Sunday, June 22, 2008

Preds investor Del Biaggio didn't arouse suspicion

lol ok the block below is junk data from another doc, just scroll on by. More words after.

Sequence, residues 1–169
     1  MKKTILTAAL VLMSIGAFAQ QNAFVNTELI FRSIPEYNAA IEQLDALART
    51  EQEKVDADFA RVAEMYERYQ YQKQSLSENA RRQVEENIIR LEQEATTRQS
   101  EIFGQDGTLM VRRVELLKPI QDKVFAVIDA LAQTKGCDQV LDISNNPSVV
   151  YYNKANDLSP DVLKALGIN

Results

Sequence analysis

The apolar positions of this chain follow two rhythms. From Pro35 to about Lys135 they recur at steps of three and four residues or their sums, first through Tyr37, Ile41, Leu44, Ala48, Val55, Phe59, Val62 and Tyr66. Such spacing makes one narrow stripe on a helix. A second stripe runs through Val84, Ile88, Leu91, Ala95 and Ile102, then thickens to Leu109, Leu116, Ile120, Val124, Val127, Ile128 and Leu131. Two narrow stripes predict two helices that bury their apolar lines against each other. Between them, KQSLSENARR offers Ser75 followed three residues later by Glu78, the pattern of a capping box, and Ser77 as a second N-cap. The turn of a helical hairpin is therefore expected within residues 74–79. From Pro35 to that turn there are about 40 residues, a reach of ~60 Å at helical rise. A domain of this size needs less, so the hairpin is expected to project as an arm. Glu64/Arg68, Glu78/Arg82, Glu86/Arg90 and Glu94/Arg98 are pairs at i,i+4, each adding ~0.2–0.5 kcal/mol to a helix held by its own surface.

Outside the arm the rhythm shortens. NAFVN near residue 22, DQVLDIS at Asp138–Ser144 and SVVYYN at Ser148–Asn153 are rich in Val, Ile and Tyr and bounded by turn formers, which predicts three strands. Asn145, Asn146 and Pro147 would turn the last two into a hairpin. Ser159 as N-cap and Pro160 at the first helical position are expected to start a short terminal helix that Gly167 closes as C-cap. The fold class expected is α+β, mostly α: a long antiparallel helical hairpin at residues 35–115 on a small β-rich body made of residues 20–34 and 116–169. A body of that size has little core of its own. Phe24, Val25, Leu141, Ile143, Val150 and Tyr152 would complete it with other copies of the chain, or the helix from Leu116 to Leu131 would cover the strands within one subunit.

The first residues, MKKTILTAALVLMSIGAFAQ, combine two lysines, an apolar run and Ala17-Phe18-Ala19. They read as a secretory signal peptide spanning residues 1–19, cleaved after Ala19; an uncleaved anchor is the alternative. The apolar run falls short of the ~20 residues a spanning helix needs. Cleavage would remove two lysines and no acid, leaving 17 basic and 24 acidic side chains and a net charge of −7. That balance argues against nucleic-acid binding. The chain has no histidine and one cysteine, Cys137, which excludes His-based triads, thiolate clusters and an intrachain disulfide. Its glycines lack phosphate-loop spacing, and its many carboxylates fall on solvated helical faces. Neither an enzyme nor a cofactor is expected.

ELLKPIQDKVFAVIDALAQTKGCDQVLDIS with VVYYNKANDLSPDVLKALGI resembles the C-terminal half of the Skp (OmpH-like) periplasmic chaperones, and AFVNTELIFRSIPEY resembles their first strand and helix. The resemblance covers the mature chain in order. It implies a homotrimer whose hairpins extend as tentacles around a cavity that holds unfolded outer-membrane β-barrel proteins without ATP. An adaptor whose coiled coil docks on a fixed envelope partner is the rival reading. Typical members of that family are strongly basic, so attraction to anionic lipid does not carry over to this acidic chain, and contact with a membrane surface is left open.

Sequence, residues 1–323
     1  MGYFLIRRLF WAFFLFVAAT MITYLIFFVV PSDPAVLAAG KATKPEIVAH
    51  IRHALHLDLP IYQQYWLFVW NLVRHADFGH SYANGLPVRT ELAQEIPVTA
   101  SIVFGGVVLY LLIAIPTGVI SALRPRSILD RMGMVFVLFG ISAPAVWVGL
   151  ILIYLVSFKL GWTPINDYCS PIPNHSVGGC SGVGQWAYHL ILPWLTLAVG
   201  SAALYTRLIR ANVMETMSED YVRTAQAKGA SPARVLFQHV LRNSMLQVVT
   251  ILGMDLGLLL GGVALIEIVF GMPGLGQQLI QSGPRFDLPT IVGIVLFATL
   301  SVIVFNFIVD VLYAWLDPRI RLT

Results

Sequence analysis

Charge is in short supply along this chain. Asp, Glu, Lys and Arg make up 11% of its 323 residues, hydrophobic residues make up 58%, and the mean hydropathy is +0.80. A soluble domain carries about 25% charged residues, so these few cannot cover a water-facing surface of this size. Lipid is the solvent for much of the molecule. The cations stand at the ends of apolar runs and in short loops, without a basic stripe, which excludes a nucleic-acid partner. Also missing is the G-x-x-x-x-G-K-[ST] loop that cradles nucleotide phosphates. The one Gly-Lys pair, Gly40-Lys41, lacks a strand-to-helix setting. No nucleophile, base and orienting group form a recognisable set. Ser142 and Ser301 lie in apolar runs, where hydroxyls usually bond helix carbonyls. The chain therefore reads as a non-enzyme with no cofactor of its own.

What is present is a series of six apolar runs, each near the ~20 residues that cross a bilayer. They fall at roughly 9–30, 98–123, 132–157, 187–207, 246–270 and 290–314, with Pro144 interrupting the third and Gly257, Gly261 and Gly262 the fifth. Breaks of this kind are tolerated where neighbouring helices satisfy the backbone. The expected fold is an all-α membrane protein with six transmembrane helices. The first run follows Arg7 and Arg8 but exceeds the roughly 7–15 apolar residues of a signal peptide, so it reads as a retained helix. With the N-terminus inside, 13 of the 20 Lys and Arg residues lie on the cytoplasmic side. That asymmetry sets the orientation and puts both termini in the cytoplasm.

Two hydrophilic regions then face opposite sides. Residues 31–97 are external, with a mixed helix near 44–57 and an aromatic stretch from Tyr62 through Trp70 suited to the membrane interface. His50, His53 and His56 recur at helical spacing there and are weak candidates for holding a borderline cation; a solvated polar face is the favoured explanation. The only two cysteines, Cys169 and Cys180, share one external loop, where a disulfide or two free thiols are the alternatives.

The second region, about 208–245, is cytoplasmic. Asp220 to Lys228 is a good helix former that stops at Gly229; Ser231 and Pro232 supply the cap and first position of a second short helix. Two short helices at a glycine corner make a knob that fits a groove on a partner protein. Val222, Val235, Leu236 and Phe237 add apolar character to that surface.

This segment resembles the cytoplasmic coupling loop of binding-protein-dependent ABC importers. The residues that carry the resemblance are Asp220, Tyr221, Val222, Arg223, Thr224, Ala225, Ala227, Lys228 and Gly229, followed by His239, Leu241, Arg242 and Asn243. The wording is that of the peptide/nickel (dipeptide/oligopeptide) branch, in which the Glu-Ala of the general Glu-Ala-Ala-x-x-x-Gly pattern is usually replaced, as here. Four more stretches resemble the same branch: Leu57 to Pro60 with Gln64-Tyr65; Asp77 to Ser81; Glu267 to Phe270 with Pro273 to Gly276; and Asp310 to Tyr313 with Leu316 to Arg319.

By BRAD SCHRADE • Staff Writer (Tennessean) • June 22, 2008 The entry of William J. "Boots" Del Biaggio III into Nashville's hockey life, in retrospect, should have always seemed a little too good to be true. A rich California venture capitalist and philanthropist with supposedly deep pockets, Del Biaggio swooped in last year to work with locals to save hockey in Music City. But as the threads of that feel-good narrative have unraveled over the past month under the stress of lawsuits, a federal probe and a bankruptcy — all centered on Del Biaggio — a happy ending is on hold. The sudden problems brought on by his financial implosion have focused unwanted attention on Metro's renegotiated lease agreement at Sommet Center, in which the city pledged millions more in tax dollars to help keep the Predators in Nashville. They also have raised questions about the level of scrutiny the city performed on the new owners, particularly Del Biaggio — the lone major investor from out of town. A series of lawsuits alleges he, with the help of an employee at an investment firm, secured millions in loans fraudulently. "The question is, 'What could you have done?'" asked Larry Thrailkill, the attorney who negotiated the new lease agreement with the team on Metro's behalf. Metro is just one of several entities — including banks, the team and a list of creditors — who were unaware of Del Biaggio's alleged scheme, he said. Court documents claim fraud and deceit, portraying the would-be financial titan as a man stretched and borrowing millions last fall — against assets they say he didn't have — in an effort to secure his 27 percent stake in the Predators. Del Biaggio's attorney on Friday said his client was unavailable for comment. A trustee in the bankruptcy case was appointed late in the week, and an initial meeting with creditors is scheduled for July 8 to begin the process of dividing up his assets. His one-fourth share of the team is at stake. The Metro government and the team's majority local ownership group, led by David Freeman, are both hoping to replace the $9.8 million Del Biaggio pledged as part of his guarantee to the city. Del Biaggio didn't have to actually turn over that amount to the city, but the terms of the city's agreement with the new owners required him and others to have set amounts available. He said he had money Del Biaggio's $9.8 million was to be part of a $31.5 million guarantee put up by the new ownership group as collateral to the city in the event the team left town or failed to live up to the other terms of the deal. As part of the lease the city renegotiated with the new Predators owners, the city required each owner to have an accountant vouch for his net worth. The goal was to ensure the owners had the money they said they had, while also shielding their personal financial records from public review. But the city allowed the owners to choose their own accountants. The one who vouched for Del Biaggio, Jacqueline Singh of Burbank, Calif., was once an executive at the investment firm Del Biaggio co-founded in the 1990s, Sand Hill Capital. The letter signed by Singh, dated Dec. 21, vouched that his net worth was at least twice his $9.8 million guarantee. Del Biaggio reinforced this statement just days after the Metro Council approved changes to the lease, when, on April 22, he signed a guarantee saying his net worth was twice the guarantee. Public records from Metro do not indicate that the city required any other documentation or verification of the new owners' financial status, according to a review by The Tennessean. "If an insider with a financial institution is willing to falsely certify the assets of a person with that institution, it's almost impossible for anybody to find that out," Thrailkill said. "That's what's alleged here. If you look at all the loans with Boots out there, they said they demanded to have collateral with that loan." Few officials met him Few officials with Metro government and its Sports Authority, which serves as the Predators' landlords at Sommet Center, ever met or talked directly to Del Biaggio, although his involvement was crucial to the team's purchase. Mayor Karl Dean met with Del Biaggio once, in late October. Sports Authority board member Kevin Lavender, a former state banking commissioner, recalled meeting Del Biaggio in passing at a Predators game, but said the California businessman was more into the hockey game than small talk. Dean's meeting with him took place after the mayor's office received a call from Freeman saying that Del Biaggio was in town for a Predators game, that he would be part of the investment group and that Freeman wanted him to meet the mayor. The mayor's office had been hearing rumors that Del Biaggio was getting involved in the deal to buy the Predators from owner Craig Leipold so he could eventually move the team to Kansas City. At the time, Del Biaggio had an agreement with the Kansas City arena to bring an NHL team there. Dean made it clear the city's interest was in the long-term viability of hockey here, according to Greg Hinote, Dean's deputy mayor, who was in the meeting. Hinote said he didn't recall much about Del Biaggio, except that he was quiet. Del Biaggio "didn't say much," Hinote recalled on Friday. "He made a point to us he was invested in the transaction and he hoped it worked. He said he was keeping all his options open." The Dean administration supported a renegotiated lease agreement with the team's new owners based on three major points, Hinote said: the personal guarantees of each owner, the commitment given by local ownership to make the team work here, and the penalties the city was negotiating in the event the team tried to leave within five years. The administration was comfortable with the fact the local owners would be in control of the team, and Del Biaggio held a minority stake. "At some point we got comfortable with the fact the local ownership group would have adequate time to make this work," Hinote said. 'No red flags' In light of Del Biaggio's financial problems, Metro Finance Director Rich Riebeling said, it's easy to second-guess the city's actions, but at the time it relied on the NHL and the bank that lent the team money, CIT Group, to ensure the owners were financially viable. "You've got to operate on some measure of good faith or you won't get anything done," Riebeling said. "At the time, we took care of it in a reasonable manner." The NHL's background check is quite thorough. The league, which has approval rights on who buys an NHL team, typically checks the finances and character of a potential owner. The checks are designed to avoid the type of situation the Predators and Del Biaggio face. The league has undergone four bankruptcies of its franchises — Los Angeles, Pittsburgh, Ottawa and Buffalo — in the past two decades. None of those towns wound up losing their teams. The Predators' situation is the first of its kind involving a minority ownership. In the other cases, bankruptcy trustees worked with the NHL to find a replacement owner, relying on the league to help with leads to potential buyers. It's unclear whether Del Biaggio underwent the tough scrutiny of a background check in 2002 when he bought a small stake in the San Jose Sharks. The league confirmed that he underwent a background check for the Predators purchase. "You do all the things you can do to verify certain things," said Bill Daly, NHL deputy commissioner. "You go through the checks. The bottom line is, no red flags came up."